2013

CHRISTIAN BARANI

Christian Barani went walking in Dubai, a city where nothing is conceived for the body in motion. A city that is built by and for traffic. He walked in order to become lost in.

My Dubaï life

2011, 60 mn

Production : Khiasma

Aide à la production : Département de la Seine-Saint-Denis

MG: What is the starting point of My Dubai Life?

 

CB: The point of departure of my experience in Dubai was a proposal made by Olivier Marboeuf, artistic director of the Espace Khiasma. He suggested I should work within the framework of a project called “The Manifesto for Invisible Cities” (initially planned for the Seine Saint Denis contemporary art Biennale). I was a bit hesitant to begin with, because I usually work on little known countries, removed from media happenings. But when I started to gather information, I realized that in this postmodern city everything was designed for and by the traffic. Nothing was conceived for walking. So I said to myself that this presented a fine challenge, to go walking in that city where nothing is planned for any such activity, and where the life style is built around the traffic and air conditioning.

MG: Filming is neither a trifling matter nor risk-free in Dubai, as your film shows in glimpses. How did you get in touch with the different people involved in your film, who don’t meet?

CB: Filming in Dubai brings contradictions to light. The first one is that everyone who goes to Dubai films. For tourists, there are absolutely no questions asked, ever. Clutching their cameras and/or telephones, they are free to film what they want within the planned and organized framework of a holiday visit to Dubai. Everything is permitted, just as prostitution, drugs and alcohol are all permitted. This system of representation is even promoted, because it depicts the unexpected image that Dubai wants to get across. Meaning, a city where pleasure and money are bottomless wells. The problem surfaces when you start filming and asking certain questions in places like working-class neighbourhoods. Everything in fact starts to become problematic, when you show an interest in the lot of workers. The Secret Police is very busy. Taxi drivers play an active part in this eavesdropping on society. Denunciation and informing are also part and parcel of this surveillance system. They are quite widespread in the streets because it is important to feature properly on administrative lists if you want to have your work contract renewed. The work contract is what governs the society. Without this contract, there’s no way you can be in the emirate, and thus try and learn money. But this fear of words is also widespread in the expatriate ruling class. Nobody dared or wanted to talk in front of the camera, only in front of a mike. Nobody wants to risk being expelled. Only one brave Lebanese guy was prepared to talk in front of the camera. In Deira, an essentially working-class quarter, I was able to work in a relatively undisturbed way thanks to the advice of a young Afghani who showed me the faces of the Secret Police present in the neighbourhood. But also thanks to the great mobility I have. When I film, I move about a lot and never stay for long in the same place. The meetings that take place in the film do so a result of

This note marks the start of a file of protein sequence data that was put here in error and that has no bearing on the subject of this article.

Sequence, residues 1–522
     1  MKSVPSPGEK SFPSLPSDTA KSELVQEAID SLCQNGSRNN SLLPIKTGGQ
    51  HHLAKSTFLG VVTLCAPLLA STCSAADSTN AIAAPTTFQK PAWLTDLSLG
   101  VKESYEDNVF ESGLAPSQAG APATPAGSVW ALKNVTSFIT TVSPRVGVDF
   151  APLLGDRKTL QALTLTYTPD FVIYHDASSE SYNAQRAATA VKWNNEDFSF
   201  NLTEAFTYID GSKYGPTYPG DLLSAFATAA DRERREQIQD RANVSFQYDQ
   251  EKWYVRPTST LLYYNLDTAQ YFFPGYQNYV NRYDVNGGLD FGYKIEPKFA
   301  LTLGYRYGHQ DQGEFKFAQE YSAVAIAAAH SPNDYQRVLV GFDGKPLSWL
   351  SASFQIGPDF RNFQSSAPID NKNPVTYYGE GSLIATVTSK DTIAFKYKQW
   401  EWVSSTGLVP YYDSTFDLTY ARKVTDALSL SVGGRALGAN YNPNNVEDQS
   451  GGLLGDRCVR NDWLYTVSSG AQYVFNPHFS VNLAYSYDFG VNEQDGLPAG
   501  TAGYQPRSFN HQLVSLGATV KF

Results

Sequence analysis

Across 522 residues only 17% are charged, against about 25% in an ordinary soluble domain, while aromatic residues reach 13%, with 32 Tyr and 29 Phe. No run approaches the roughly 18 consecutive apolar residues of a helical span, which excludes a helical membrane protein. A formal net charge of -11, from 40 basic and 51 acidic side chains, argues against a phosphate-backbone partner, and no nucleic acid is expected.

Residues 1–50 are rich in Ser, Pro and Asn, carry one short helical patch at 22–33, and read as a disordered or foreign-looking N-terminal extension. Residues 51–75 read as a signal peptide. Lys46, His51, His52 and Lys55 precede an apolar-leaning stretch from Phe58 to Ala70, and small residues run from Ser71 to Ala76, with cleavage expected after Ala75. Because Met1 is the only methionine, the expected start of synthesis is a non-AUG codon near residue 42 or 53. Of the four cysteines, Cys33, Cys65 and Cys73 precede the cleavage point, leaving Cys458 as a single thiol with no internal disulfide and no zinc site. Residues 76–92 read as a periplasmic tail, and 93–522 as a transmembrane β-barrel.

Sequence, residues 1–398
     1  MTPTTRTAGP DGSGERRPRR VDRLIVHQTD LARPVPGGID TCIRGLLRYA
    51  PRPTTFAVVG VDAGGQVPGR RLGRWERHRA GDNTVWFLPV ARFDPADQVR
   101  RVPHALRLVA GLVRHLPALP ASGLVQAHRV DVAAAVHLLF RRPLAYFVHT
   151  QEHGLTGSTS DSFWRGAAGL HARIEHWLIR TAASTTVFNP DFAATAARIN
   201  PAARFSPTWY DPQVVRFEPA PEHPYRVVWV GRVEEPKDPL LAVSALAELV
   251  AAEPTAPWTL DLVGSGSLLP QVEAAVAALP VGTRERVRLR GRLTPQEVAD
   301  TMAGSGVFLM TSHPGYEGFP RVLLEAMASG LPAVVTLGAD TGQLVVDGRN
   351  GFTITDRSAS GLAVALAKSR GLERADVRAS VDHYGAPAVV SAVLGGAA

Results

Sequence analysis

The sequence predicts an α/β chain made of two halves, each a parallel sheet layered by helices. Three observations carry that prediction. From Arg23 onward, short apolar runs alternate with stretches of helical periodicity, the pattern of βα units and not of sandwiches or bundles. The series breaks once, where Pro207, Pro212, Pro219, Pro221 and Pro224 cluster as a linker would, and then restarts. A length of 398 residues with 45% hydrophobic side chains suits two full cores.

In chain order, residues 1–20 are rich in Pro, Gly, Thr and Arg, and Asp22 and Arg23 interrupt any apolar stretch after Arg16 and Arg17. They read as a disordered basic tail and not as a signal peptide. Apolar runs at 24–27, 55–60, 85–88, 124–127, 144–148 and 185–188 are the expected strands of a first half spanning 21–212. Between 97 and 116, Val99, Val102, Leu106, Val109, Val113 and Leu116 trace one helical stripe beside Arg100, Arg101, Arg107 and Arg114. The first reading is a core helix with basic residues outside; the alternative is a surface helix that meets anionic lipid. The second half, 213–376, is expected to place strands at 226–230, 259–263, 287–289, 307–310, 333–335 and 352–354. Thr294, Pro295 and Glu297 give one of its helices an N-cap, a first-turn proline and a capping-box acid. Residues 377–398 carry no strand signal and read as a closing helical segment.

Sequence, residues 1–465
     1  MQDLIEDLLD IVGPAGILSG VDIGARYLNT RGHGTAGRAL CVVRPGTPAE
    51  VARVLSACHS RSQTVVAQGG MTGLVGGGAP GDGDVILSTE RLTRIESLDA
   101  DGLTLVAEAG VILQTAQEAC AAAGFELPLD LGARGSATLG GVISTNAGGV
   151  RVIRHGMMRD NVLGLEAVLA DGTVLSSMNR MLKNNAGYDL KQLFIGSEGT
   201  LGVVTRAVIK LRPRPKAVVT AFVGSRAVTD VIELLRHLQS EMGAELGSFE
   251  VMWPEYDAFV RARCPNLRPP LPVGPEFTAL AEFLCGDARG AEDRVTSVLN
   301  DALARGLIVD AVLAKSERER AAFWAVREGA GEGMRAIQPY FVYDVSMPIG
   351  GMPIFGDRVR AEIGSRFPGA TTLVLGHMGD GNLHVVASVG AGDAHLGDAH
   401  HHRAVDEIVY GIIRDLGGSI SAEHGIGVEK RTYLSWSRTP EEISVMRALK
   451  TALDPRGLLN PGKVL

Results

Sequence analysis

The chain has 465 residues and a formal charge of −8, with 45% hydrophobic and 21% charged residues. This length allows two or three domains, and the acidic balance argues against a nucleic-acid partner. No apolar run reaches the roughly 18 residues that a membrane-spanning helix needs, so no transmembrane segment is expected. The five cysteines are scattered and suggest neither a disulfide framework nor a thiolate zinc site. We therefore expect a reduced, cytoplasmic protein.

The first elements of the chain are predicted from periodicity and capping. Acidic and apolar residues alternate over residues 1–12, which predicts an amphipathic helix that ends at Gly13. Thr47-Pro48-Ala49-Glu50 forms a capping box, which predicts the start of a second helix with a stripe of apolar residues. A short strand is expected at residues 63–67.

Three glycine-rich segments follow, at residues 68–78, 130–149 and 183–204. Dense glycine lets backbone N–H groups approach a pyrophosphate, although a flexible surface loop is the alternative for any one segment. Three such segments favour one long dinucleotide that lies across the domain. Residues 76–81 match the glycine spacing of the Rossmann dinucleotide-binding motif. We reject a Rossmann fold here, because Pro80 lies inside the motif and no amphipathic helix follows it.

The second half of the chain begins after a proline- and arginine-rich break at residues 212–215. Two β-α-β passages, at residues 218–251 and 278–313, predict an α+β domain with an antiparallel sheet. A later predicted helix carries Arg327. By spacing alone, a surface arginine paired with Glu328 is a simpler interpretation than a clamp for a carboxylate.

walking and chance. Every day, I walked for about 8-10 hours, which means between 25 and 30 kilometres. The body became involved. With this system, psycho-geography drew me into completely unforeseen spaces and places. And it was in that loss of reference that my relations and meetings with other. 

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